Grocery Shopping for an Elderly Person

Grocery Shopping for an Elderly Person

Posted on November 28, 2011 by Elder Care East Valley in Blog, Caregiver Education, Community Resources, Geriatric Care Management, Home Care Non-Medical, Home Health Care Medical, Long Term Care Information, Mobility / Wheelchair, Respite Care, Senior Center, Transportation
  1. Create a master grocery list on a computer listing every item that your elderly family member usually needs. Make sure to note the food brand preferences; change can be difficult for Mom (or Dad) so if she prefers Campbell’s tomato soup she may not be comfortable with a generic brand. Print in large blocked type font and make several copies to use each week. It is still important to do a kitchen inventory before each trip to the store.  Hoarding food is common so make sure the circled items are actually low in supply.
  2. When you arrive at the store stop at main door and assist her in.  Have Mom sit on a store bench or in the coffee shop area while you park the car. Parking lots often have uneven pavement and it can be difficult to navigate especially when using a device like a walker. If walking is difficult for her, most grocery stores have motorized chairs for their customers to use.
  3. When shopping, choose smaller containers that are easier to lift.  An elderly person often does not have much strength in their hands or arms. If you are on a tight budget purchase the larger containers and refill smaller ones. Buy liquids like milk or juice in quart bottles.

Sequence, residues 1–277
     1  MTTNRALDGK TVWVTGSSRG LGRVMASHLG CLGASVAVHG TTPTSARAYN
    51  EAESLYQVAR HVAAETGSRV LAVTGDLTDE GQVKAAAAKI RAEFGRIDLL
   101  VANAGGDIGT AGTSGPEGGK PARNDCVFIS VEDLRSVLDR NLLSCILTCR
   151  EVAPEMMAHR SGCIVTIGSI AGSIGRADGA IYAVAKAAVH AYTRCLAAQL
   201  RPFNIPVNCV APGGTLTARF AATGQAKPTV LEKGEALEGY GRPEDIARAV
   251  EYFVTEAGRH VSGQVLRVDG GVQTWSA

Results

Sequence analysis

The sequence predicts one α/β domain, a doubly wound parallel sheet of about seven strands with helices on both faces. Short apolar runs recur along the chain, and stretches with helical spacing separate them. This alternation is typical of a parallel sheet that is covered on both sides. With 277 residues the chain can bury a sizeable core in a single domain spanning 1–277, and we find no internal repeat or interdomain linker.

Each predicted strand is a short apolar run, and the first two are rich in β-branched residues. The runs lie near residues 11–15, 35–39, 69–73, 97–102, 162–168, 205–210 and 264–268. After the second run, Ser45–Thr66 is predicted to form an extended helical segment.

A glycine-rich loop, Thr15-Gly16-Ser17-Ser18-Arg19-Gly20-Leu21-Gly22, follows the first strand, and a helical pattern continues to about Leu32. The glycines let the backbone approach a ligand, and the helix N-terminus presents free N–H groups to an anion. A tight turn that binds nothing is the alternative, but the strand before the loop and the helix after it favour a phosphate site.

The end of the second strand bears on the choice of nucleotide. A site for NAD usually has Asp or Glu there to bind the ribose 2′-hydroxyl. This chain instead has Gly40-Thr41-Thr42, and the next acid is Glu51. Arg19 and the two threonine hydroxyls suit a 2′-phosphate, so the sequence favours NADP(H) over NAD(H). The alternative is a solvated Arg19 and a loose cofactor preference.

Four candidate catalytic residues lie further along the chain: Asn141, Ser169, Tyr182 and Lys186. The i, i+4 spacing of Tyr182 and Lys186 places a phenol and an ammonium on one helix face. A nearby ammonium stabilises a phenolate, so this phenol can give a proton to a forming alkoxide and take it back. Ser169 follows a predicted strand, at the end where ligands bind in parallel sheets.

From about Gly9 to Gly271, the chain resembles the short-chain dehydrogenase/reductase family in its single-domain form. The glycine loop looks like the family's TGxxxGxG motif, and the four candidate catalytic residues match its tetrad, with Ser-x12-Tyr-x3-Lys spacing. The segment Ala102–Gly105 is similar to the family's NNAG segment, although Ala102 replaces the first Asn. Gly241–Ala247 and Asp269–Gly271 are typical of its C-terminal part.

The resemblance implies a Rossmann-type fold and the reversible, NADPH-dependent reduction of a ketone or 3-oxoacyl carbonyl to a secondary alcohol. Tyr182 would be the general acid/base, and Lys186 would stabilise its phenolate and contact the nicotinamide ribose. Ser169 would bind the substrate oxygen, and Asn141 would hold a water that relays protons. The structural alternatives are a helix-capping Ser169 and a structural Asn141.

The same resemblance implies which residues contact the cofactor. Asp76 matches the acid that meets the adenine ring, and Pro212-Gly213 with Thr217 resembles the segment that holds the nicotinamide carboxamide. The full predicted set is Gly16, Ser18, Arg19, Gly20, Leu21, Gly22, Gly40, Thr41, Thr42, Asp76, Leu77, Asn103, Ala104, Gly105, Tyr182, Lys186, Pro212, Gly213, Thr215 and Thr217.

4. Purchase smaller portion sizes of perishable foods. This will reduce food waste and money.  Appetites tend to diminish as the body ages because people are less active. If you cannot find smaller meat portions ask the butcher to package just one portion. You can also invest in a FoodSaver™ appliance to split and store the meat packages.
  5. Select easy to open products. Containers with pop top openings may be easier to open than having to use a can opener.  For items like cereal you can remove the inside bags and put the contents into slide seal zipper bags.
  6. Purchase over the counter medications in easy to open bottles instead of child proof bottles, or remove from bottle and place in a medicine pill box with any prescription drugs.  Always predispense daily medications into a pill box so that you can keep track of the medications taken. Over or under taking medications is a big health hazard for the elderly.
  7. Some good nutritional items to have on stock for an elderly person are: oatmeal, eggs, yogurt, blueberries, apples, fish, chicken, broccoli, soy products (edamame), sweet potatoes and squash, brown rice and dark chocolate.